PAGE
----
Biographies of figures as controversial as John Calvin tend to be written by unabashed fans or ardent enemies. There is a lot of biography that reads like hagiography and a lot that reads like pure slander. This was the case with Calvin himself and his earliest biographers–either they were his closest confidants, singing his highest praises or they were men who feared and despised him, fabricating outrageous charges against him (such as Jerome Bolsec who, ten years after Calvin’s death, wrote an account of the Reformer’s life in which he accused him of sodomy and suggested that he had died from crab lice). Even today, many of the biographies seem to focus undue attention on Calvin’s great accomplishments without wrestling with his notable faults and foibles. This new biography is an exception as Gordon writes from a position of notable objectivity. He seems a little bit detached from his subject, almost as if he has had to become a somewhat-grudging admirer of Calvin through immersing himself in the man’s life. Throughout the book he is willing to credit Calvin for what he did so well but he is also willing to call a spade a spade, whether that means pointing out pride or temper or youthful arrogance.
The greatest strength of Calvin may be the author’s deep knowledge of the time in which his subject lived. He sets Calvin firmly in his political, religious and cultural context, expending great effort in showing how Calvin was, in so many ways, a product of his time. This allows Gordon, a student of the Reformation even more than he is a Calvin scholar, to draw the reader into the time and the life of his subject in a way that none of the other biographies have been able to do. He also draws widely from Calvin’s writing, introducing lesser-known works and drawing often on his voluminous correspondence. In this way it is a more well-rounded account of Calvin than others and one that is also deeper.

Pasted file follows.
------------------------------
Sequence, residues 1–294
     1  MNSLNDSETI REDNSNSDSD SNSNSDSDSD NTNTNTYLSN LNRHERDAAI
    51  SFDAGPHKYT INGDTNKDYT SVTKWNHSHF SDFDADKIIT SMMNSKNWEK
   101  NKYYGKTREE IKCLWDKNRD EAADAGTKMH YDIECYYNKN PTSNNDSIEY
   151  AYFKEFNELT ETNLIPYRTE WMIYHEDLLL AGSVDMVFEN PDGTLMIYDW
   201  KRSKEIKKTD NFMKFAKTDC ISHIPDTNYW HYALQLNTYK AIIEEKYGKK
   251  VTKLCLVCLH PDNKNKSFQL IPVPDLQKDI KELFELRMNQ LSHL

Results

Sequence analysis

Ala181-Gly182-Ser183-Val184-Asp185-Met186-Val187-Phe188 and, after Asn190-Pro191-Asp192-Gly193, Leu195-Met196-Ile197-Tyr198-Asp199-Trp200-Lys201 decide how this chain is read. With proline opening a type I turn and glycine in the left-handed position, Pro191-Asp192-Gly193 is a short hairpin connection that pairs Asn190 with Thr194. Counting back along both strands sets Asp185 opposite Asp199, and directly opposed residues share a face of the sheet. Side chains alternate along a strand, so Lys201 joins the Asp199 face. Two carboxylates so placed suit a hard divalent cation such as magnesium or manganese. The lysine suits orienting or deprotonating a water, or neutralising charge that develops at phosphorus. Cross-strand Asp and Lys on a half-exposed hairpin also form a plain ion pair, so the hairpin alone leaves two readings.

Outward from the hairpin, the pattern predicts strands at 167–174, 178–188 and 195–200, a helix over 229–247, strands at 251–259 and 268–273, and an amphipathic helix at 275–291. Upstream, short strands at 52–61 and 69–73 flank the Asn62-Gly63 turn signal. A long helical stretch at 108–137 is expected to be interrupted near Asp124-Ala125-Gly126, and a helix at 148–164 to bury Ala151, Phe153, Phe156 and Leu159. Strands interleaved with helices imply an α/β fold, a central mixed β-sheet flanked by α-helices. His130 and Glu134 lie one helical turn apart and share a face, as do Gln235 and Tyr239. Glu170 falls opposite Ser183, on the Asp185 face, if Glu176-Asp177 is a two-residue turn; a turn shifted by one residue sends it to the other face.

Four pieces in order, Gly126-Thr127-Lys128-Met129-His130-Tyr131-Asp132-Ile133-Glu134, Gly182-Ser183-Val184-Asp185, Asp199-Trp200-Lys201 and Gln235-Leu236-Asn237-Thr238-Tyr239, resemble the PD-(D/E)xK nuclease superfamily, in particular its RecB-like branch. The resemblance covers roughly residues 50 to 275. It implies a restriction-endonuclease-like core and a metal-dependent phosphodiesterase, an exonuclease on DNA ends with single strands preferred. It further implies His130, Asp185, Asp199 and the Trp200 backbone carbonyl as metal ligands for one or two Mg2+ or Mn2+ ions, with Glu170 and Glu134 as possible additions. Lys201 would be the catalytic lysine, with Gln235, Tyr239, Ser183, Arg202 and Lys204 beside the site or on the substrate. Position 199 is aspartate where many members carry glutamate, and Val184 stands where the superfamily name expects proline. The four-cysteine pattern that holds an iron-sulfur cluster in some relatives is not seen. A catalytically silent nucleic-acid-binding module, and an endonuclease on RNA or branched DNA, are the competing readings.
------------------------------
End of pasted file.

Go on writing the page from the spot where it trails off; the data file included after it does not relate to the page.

I tend to measure successful biographies in one of two ways: either they teach me a lot about the subject and the context of his life or they make me feel as if I’ve met the subject himself (with the very occasional sublime biography doing both). Gordon’s Calvin falls firmly in the former camp. I did not feel like I knew Calvin himself at the end of this book, but I certainly did understand the man better, especially as I came to understand the religious and political climate he was born into and the even more complex climate he helped create.
In my opinion, this is the best biography of John Calvin to date. If you haven’t ever read a life of Calvin, this will be the place to start. And even if you’ve read each of the other biographies available, I am convinced that by reading this one you will gain a richer understanding of the man and the complex times in which he lived. I highly recommend it.
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